Argentina, Bahamas, Barbados, Belize, Bolivia, Brazil, Chile, Colombia, Costa Rica, Cuba, Dominican Republic, Ecuador, El Salvador, Guadeloupe, Guatemala, Guyana, Haiti, Honduras, Jamaica, Martinique, Mexico, Netherlands Antilles, Nicaragua, Panama, Paraguay, Peru, Puerto Rico, Suriname, Trinidad and Tobago, Uruguay, Venezuela
Grubler, A., Wilson, C., Bento, N., Boza-Kiss, B., Krey, V., McCollum, D., Rao, N., Riahi, K., Rogelj, J., De Stercke, S., Cullen, J., Frank, S., Fricko, O., Guo, F., Gidden, M., Havlik, P., Huppmann, D., Kiesewetter, G., Rafaj, P., Sch?pp, W. & Valin, H.
A low energy demand scenario for meeting the 1.5°C target and sustainable development goals without negative emission technologies. Nat Energy 3, 515-527 (2018).
Parkinson, S., Krey, V., Huppmann, D., Kahil, T., McCollum, D., Fricko, O., Byers, E., Gidden, M., Mayor, B., Khan, Z., Raptis, C., Rao, N., Johnson, N., Wada, Y., Djilali, N. & Riahi, K. (2018). Balancing clean water-climate change mitigation tradeoffs. IIASA Working Paper. IIASA, Laxenburg, Austria: WP-18-005
Anderson, K. & Peters, G. The trouble with negative emissions. Science 354, 182-183 (2016).
Behrens, P., van Vliet, M. T., Nanninga, T., Walsh, B. & Rodrigues, J. F. Climate change and the vulnerability of electricity generation to water stress in the European Union. Nat Energy 2, 17114 (2017).
Biermann, F., Kanie, N. & Kim, R. E. Global governance by goal-setting: the novel approach of the UN Sustainable Development Goals. Curr Opin Environ Sustain 26, 26-31 (2017).
Creutzig, F.et al. Beyond technology: demand-side solutions for climate change mitigation. Annu Rev Env Resour 41, 173-198 (2016).
Jewell, J. et al. Comparison and interactions between the long-term pursuit of energy independence and climate policies. Nat Energy 1, 16073 (2016).
Pye, S., Li, F. G., Price, J. & Fais, B. Achieving net-zero emissions through the reframing of UK national targets in the post-Paris Agreement era. Nat Energy 2, 17024 (2017).
Riahi, K. et al. The shared socioeconomic pathways and their energy, land use, and greenhouse gas emissions implications: an overview. Global Environ Change 42, 153-168 (2017).
Rogelj, J.et al. Energy system transformations for limiting end-of-century warming to below 1.5°C. Nat Clim Change 5, 519-527 (2015).
Shindell, D. et al. A climate policy pathway for near-and long-term benefits. Science 356, 493-494 (2017).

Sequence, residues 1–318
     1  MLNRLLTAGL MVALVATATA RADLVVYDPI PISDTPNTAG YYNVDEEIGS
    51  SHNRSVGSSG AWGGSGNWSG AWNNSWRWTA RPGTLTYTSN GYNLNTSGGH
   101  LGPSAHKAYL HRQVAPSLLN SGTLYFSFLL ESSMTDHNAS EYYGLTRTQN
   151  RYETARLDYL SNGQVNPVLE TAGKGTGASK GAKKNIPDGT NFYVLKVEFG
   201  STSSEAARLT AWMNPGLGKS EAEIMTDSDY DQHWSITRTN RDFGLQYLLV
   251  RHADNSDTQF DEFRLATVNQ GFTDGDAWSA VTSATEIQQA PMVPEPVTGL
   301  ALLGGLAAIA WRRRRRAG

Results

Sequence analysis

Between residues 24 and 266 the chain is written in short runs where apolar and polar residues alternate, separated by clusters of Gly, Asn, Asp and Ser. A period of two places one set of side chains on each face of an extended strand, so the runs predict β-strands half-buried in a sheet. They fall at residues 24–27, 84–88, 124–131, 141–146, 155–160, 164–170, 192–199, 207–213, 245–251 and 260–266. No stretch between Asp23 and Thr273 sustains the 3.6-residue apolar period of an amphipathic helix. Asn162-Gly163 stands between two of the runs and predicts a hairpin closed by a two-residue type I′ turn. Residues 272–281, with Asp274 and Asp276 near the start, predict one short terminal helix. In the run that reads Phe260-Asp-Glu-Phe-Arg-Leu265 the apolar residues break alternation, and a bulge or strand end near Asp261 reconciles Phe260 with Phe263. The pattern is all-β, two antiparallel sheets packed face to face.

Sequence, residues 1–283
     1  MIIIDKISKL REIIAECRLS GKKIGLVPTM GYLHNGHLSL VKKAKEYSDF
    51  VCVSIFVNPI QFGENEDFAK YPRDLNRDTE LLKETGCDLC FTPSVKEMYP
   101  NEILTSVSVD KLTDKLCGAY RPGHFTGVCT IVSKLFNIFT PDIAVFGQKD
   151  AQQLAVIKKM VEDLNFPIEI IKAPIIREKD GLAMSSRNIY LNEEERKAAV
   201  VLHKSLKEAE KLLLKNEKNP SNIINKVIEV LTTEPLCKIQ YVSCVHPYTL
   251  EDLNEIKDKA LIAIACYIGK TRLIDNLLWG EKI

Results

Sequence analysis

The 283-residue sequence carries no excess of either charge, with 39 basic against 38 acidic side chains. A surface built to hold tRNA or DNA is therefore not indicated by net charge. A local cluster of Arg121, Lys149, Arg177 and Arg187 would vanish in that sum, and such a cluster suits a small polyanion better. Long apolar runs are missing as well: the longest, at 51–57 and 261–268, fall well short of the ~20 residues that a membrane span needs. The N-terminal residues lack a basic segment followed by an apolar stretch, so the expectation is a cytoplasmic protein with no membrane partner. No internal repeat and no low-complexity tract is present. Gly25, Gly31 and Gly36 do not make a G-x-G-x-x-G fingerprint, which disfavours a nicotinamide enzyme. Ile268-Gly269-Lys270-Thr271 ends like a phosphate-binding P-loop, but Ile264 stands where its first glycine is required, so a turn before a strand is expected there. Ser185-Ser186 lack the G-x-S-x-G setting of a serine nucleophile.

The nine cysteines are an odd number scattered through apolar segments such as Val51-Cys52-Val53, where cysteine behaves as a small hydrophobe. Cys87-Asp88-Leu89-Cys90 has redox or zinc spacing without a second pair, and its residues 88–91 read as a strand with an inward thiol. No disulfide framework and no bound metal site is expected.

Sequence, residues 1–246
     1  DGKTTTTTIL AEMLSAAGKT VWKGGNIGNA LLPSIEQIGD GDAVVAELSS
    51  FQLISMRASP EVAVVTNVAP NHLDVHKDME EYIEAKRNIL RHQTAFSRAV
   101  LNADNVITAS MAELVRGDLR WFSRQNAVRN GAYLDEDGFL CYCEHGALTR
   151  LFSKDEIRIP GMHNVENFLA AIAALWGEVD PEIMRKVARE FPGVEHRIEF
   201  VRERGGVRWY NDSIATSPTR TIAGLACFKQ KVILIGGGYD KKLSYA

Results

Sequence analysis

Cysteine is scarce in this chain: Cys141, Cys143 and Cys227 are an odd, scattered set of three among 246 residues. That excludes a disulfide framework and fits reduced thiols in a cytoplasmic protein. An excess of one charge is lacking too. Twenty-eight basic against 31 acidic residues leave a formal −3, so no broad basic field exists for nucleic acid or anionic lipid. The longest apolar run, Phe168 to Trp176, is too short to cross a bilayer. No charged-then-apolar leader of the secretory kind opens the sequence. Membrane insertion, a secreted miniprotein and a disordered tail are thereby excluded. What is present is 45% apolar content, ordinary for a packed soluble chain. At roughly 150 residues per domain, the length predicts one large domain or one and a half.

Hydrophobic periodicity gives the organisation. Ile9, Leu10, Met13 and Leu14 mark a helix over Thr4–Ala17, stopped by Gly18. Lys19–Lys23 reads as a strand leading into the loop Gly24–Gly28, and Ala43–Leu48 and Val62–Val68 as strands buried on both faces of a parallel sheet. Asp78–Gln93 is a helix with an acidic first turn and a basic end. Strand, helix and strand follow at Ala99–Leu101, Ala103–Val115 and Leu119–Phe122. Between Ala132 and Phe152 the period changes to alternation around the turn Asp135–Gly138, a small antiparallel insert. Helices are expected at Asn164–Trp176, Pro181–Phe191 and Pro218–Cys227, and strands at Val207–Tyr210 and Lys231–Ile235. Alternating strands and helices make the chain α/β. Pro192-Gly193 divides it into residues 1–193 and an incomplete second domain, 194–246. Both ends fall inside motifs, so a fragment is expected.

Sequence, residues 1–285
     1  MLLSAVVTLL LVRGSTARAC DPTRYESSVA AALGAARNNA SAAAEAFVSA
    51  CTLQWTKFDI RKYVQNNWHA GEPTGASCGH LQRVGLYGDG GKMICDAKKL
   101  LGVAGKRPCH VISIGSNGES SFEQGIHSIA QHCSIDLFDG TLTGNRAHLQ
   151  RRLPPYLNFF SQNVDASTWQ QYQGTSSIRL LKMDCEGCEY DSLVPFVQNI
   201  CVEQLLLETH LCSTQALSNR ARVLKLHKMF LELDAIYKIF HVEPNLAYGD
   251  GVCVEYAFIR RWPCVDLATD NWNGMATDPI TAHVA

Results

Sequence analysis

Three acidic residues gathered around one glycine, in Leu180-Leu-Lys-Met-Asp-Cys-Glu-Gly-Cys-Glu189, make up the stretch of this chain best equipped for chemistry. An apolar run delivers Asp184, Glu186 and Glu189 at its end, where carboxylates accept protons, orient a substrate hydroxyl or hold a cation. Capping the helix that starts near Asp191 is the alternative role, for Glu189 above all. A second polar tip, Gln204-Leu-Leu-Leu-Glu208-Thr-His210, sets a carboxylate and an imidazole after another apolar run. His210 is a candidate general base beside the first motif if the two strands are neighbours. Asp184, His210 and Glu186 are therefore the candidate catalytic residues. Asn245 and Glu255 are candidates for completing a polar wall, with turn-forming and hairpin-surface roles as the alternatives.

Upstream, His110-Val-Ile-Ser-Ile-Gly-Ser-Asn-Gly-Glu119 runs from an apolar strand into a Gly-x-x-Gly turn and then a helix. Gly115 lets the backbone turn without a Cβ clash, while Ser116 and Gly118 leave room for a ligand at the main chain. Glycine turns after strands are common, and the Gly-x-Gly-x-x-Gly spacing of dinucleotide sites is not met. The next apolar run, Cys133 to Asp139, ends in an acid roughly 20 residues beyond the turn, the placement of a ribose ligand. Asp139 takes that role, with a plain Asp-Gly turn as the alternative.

Smith, P. et al. Biophysical and economic limits to negative CO2 emissions. Nat Clim Change 6, 42-50 (2016).
- E-mail address
- Internal record keeping
- To notify you once a dataset update is available.
The content of the LED database and any derived analysis may only be used for non-commercial scientific publications, articles, educational purposes,
figures and data tables provided that the source reference pursuant to section ‘Required citation’ is included and all relevant publications are correctly cited.
Partial reproductions of the database content may be stored in online repositories, if this is necessary to comply with a journal's data archiving and access
requirements. Such reproductions must be limited to the scope of the manuscript in question, and must include a hyperlink to the source database hosted at
https://db1.ene.iiasa.ac.at/LEDDB and the download date from the source database.
However, any wholesale duplication, translation, reworking, processing, arrangement, transformation, or reproduction through the internet or any other channels, of the https://db1.ene.iiasa.ac.at/LEDDEB for commercial or non-commercial purposes is not permitted without the explicit written approval of IIASA.
Source reference to this LED database – except for Water data – should read as follows:
“This [figure/table/article/...] is based on the LED database jointly hosted by the IIASA Eenergy and Transitions to New Technologies Programs at https://db1.ene.iiasa.ac.at/LEDDB. The underlying scientific data was published in Nature Energy (Grubler et al. 2018)”.
Source reference to the Water Consumption/Withdrawal data included in the LED database should be: “This [figure/table/article/...] is based on data in Parkinson et al. 2018, published in the LED database jointly hosted by the IIASA Energy and Transitions to New Technologies Programs at https://db1.ene.iiasa.ac.at/LEDDB.”
Any citations of publications made available through this and related publications are to be made in accordance with best scientific practice.
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LED Database, 2018
Available at: https://db1.ene.iiasa.ac.at/LEDDB
Responsible for this page: LED Database Administrator